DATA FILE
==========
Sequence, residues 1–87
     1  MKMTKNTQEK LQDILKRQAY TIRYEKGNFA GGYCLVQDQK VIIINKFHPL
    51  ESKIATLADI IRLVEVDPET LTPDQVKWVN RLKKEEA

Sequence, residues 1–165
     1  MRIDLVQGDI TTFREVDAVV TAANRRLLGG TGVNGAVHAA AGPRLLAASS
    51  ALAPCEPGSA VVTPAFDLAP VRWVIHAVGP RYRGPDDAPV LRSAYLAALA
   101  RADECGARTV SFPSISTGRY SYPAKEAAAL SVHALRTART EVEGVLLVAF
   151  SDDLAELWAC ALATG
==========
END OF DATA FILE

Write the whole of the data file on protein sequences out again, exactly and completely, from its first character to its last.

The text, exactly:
Sequence, residues 1–87
     1  MKMTKNTQEK LQDILKRQAY TIRYEKGNFA GGYCLVQDQK VIIINKFHPL
    51  ESKIATLADI IRLVEVDPET LTPDQVKWVN RLKKEEA

Sequence, residues 1–165
     1  MRIDLVQGDI TTFREVDAVV TAANRRLLGG TGVNGAVHAA AGPRLLAASS
    51  ALAPCEPGSA VVTPAFDLAP VRWVIHAVGP RYRGPDDAPV LRSAYLAALA
   101  RADECGARTV SFPSISTGRY SYPAKEAAAL SVHALRTART EVEGVLLVAF
   151  SDDLAELWAC ALATG